In the village of Lamap we do some shopping and fortunately we can also buy petrol for the generator and for Mickey, our reliable outboard motor.
By now, at least eight sailing boats have anchored in the bay, they have all come here for the festival. On the morning of the first day of the festival, we are picked up by a truck at the agreed time and we drive to Dravai, the village where the festival takes place and where everyone is dressed up. The two foreign volunteers who help organise the festival explain how we have to approach the village chief in the traditional way, walking slowly, accompanied by singing villagers. After the chief's short welcome speech the festival can begin.
On a remote piece of land, which is decorated with totem poles and palm leaves, the first traditional dance is performed. Many villagers, especially the women and children, come here for the first time in their lives. In previous years, the festival was held a long way away from the village, but this is the first time it is held in the village itself. Women and children are usually not allowed on the "dance floor", only initiated, circumcised men are allowed here. But especially for the festival a ceremony was held yesterday to allow everyone to be here during the festival, including women and children.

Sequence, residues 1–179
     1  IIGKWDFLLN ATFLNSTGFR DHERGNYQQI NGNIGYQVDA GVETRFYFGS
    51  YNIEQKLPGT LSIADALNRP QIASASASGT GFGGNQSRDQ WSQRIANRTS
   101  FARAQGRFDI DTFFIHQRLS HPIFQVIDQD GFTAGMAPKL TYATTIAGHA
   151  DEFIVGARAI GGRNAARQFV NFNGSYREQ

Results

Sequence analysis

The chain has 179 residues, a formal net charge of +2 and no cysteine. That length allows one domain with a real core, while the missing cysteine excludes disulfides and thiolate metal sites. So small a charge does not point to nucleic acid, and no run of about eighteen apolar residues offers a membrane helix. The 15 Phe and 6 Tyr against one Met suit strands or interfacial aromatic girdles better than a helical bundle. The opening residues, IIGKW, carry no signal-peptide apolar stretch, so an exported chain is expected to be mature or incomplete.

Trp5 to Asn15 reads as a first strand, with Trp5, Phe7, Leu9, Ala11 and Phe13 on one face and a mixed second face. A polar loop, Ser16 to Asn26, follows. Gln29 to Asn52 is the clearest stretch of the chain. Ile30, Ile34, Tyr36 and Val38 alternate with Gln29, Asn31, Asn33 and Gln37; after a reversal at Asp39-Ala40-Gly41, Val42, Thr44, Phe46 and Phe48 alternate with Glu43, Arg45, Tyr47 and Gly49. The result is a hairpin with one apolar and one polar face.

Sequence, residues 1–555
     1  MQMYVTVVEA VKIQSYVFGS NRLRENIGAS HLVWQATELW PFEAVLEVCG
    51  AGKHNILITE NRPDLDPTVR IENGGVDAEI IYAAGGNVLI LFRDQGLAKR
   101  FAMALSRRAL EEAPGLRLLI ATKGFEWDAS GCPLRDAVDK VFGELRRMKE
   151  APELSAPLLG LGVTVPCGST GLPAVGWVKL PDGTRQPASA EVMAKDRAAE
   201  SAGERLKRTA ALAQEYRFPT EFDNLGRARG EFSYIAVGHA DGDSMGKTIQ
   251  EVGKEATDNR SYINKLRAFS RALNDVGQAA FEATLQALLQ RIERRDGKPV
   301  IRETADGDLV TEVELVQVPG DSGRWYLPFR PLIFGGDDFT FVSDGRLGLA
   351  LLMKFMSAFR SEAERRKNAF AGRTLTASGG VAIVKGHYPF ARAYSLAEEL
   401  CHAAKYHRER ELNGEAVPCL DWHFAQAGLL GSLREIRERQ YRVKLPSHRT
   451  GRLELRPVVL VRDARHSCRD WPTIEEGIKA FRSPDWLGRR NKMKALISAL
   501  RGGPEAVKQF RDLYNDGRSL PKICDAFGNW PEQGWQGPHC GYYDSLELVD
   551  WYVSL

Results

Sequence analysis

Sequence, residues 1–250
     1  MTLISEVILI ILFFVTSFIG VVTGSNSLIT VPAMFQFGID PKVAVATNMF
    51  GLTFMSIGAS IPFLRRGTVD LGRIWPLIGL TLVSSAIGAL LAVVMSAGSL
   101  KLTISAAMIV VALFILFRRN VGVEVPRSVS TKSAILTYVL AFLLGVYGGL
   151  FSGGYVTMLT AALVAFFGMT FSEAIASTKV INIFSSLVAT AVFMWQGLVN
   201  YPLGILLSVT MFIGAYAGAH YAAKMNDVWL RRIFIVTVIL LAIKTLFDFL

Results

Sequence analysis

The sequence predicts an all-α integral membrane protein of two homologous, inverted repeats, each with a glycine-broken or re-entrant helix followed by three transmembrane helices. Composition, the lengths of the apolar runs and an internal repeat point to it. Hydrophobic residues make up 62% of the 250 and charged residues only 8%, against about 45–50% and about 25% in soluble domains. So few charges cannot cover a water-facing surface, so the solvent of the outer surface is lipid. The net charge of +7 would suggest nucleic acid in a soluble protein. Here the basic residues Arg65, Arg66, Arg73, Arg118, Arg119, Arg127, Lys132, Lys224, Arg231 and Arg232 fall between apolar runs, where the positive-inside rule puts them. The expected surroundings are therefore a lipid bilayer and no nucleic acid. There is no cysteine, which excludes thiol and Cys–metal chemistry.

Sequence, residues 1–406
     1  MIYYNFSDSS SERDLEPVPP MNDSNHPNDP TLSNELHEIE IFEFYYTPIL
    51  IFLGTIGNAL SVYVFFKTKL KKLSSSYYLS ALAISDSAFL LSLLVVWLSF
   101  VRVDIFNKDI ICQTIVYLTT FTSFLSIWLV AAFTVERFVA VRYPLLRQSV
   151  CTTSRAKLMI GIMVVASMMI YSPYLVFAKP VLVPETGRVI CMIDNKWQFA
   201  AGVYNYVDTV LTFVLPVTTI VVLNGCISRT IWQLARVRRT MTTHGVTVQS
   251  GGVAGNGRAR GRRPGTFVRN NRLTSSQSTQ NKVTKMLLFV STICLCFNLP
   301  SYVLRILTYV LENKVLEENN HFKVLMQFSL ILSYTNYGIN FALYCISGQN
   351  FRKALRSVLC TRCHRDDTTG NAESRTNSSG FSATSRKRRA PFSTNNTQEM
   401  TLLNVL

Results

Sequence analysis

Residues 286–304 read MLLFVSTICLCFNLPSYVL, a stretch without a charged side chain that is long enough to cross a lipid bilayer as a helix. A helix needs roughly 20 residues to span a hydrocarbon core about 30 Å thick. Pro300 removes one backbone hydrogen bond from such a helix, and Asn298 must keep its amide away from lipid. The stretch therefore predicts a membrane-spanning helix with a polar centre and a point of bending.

The earth reverberates, many feet are stamping and drums are thrumming. The men, painted with clay, with rattles tied around their ankles and their penis dressed in just a namba, a tube made of leaves, perform three different dances for us. They wear different masks for each dance. It's one big dance party and we thoroughly enjoy it.
After lunch, the villagers explain how different things are produced in the village, such as copra (dried coconut), tamanu oil with coconut milk which is used to treat skin diseases, dried cocoa beans and woven roofs for the houses. Mats, baskets and jewellery are made from natural materials, mainly by the women. At the end of the day they demonstrate how kava is made. Fortunately, there was also beer.
On the second day, school children perform a short play about how the Christians converted the cannibals on Vanuatu to a peaceful people when they arrived here years ago. We play a game with other children. One side must defend a pile of coconut shells while the other side tries to eliminate the children one by one by throwing a ball. The women perform a traditional dance as well. There are not as many of them as for the men's dance and it is a bit boring. At the end of the day, we return to the holy dance floor for the last dance of the men. Again we are treated to wonderfully energetically dancing men in beautiful outfits, accompanied by many drums. When we are asked to join them for the last dance, Hans is the first who voluntarily tries to follow the rhythm and he realises these men must be in excellent shape. Dory has filmed this unique moment and you can see it here on YouTube.